HARARE, Dec. 12 (Xinhua) -- Zimbabwe is keen to sell some of its elephants to reduce over population, a senior wildlife official said on Monday.
Zimbabwe has excess elephants estimated at around 100,000 and selling of the animals to other countries would significantly help the country reduce the numbers to manageable levels, Parks and Wildlife Management Authority director-general Vitalis Chadenga said.
The country has an elephant carrying capacity of 40,000 but good conservation practices over the years and ivory trade restrictions have seen the numbers swelling, much to the detriment of the country's biodiversity.
Speaking before a committee of parliament on Monday, Chadenga said Zimbabwe was struggling to sell the jumbos due to huge logistical and management costs involved.
"It requires a lot of management by people who take them," he said. "It's also expensive to capture and translocate elephants."
Also, the country has to sell elephants only to appropriate destinations consistent with the Convention on International Trade in Endangered Species (Cites), an international regulator for trade in ivory and other elephant products.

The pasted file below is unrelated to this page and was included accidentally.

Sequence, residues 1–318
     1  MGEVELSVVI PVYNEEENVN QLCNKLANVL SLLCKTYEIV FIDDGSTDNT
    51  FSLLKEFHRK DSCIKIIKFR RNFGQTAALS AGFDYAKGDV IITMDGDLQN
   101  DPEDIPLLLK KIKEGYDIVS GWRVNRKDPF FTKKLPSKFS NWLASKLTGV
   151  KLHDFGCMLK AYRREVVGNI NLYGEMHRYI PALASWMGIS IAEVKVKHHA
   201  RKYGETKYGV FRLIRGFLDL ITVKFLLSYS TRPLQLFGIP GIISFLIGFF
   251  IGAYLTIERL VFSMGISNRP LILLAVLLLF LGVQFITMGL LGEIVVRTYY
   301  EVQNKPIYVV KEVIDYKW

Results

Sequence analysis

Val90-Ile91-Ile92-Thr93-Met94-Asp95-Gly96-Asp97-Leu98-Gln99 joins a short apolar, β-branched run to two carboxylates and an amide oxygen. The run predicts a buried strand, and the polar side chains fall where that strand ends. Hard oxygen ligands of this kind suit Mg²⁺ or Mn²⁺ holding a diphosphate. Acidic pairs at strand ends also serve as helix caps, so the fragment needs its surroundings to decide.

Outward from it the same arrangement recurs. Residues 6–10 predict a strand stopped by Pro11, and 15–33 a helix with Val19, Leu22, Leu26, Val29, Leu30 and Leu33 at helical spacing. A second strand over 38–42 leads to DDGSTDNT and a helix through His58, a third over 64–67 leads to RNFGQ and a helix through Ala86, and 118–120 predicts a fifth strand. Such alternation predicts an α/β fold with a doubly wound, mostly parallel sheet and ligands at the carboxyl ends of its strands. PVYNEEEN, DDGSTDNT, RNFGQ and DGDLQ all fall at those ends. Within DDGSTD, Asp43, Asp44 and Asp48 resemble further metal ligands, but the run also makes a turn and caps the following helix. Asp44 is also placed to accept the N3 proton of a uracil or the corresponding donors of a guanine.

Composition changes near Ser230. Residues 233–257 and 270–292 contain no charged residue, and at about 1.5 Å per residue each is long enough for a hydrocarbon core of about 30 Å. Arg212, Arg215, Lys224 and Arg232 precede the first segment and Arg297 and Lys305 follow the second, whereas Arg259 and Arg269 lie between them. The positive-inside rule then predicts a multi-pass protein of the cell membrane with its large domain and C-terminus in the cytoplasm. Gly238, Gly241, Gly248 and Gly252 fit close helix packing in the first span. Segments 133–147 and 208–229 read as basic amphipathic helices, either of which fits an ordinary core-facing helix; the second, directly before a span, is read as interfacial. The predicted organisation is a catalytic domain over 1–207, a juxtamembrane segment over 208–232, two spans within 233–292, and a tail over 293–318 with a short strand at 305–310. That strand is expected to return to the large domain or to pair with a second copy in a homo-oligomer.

Just two months ago, the country lost about 100 elephants in the country's biggest wildlife park, Hwange, due to a heat wave that swept the country. Calves and old jumbos were the most affected as they had to endure long distances to various artificial drinking holes in the park.
Chadenga said apart from elephants, his organization also engaged in local trade of wild animals such as giraffes and buffalos to raise funds for conservation and running of the self- financing state entity.
Over the past three years the organization had raked in about 250,000 U.S. dollars from selling wild animals locally, he said.